Today, March 12, the U.S. District Court for the Northern District of California ordered the Environmental Protection Agency (EPA) to move forward with implementing key health protections against smog. The court ordered EPA to take the next step by promulgating official identifications of most areas with smog levels violating the 2015 ozone health standard by April 30, 2018. Rejecting EPA’s request for extra time, the court also ordered EPA to finish the job by determining whether the San Antonio area violates the ozone standard by July 17.
These overdue “designations” are necessary to bring smog levels down into compliance with the ozone standard. Under the Clean Air Act, the EPA was legally obligated to make them by October 1, 2017, but illegally failed to do so.
Once the EPA issues designations, the work of cleaning up elevated smog levels begins. The EPA estimates that compliance with the 2015 standard will save hundreds of lives and prevent hundreds of thousands of asthma attacks in children every year.
Seth Johnson, the lawyer for Earthjustice on the case, issued the following statement:
“Everyone deserves to breathe clean air. And because of the Clean Air Act, we’re legally entitled to it. The court got it right when it ordered the EPA to finish making ozone designations sooner than the agency requested. Cleaning up ozone air pollution is especially important for kids, seniors, and people with asthma. Many of our largest metropolitan areas have unhealthy smog levels. These include New York, Los Angeles, Chicago, Dallas, Houston, Cleveland, Denver, Philadelphia, Phoenix, and San Antonio. The court’s decision will help save hundreds of lives by getting the cleanup process going.”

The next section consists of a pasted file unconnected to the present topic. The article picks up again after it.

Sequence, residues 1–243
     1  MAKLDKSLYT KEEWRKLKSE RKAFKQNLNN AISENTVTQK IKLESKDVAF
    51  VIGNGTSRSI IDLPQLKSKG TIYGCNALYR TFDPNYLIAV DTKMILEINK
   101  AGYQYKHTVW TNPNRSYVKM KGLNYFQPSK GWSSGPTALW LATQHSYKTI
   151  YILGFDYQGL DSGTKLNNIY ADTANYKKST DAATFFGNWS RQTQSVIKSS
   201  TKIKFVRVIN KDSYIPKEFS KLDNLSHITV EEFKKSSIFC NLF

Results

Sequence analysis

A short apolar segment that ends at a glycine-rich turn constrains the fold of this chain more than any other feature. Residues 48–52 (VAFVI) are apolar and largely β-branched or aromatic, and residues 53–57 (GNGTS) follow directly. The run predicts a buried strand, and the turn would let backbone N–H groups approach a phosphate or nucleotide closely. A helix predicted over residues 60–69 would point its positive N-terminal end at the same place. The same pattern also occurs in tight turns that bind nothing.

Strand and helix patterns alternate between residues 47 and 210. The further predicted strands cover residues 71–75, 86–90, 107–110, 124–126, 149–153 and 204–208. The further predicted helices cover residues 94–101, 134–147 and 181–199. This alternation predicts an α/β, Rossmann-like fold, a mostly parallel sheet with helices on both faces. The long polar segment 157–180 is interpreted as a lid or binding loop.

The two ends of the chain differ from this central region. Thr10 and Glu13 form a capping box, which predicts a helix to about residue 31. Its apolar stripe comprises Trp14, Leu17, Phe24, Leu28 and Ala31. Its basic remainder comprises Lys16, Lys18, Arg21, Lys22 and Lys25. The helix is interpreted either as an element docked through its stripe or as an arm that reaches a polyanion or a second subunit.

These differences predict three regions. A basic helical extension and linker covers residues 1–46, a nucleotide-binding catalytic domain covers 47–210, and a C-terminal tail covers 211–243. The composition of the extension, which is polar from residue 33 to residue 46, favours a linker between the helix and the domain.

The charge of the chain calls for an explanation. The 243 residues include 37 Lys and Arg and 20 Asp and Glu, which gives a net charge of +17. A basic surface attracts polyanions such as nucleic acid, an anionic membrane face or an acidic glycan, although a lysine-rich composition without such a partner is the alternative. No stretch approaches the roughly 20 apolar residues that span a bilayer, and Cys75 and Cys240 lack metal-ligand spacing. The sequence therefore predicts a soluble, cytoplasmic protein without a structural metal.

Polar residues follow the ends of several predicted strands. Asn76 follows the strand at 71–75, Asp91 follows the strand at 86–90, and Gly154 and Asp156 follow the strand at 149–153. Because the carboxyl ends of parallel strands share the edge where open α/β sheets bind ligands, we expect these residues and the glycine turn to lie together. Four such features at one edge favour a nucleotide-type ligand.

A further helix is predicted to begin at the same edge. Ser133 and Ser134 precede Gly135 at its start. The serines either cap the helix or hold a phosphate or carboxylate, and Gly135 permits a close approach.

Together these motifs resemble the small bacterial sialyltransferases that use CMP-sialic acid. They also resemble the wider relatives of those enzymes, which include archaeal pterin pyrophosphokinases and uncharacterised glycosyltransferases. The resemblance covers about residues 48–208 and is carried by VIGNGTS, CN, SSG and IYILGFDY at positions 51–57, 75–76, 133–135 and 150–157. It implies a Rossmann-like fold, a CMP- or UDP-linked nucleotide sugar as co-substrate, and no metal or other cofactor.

Read the court’s decision.
Earthjustice filed a lawsuit against the agency in December 2017 for missing its deadline to make designations under the standard, representing the American Lung Association, American Public Health Association, American Thoracic Society, Appalachian Mountain Club, Center for Biological Diversity, National Parks Conservation Association, Natural Resources Defense Council, Sierra Club, and the West Harlem Environmental Action (WE ACT for Environmental Justice). The Environmental Defense Fund and Environmental Law and Policy Center are also parties to this case.
On February 22, Earthjustice conducted oral arguments to ask the court to direct the EPA to complete the designation process—the official identification of the areas of the country with dangerous levels of ground-level ozone air pollution, necessary for key clean-up requirements to kick in.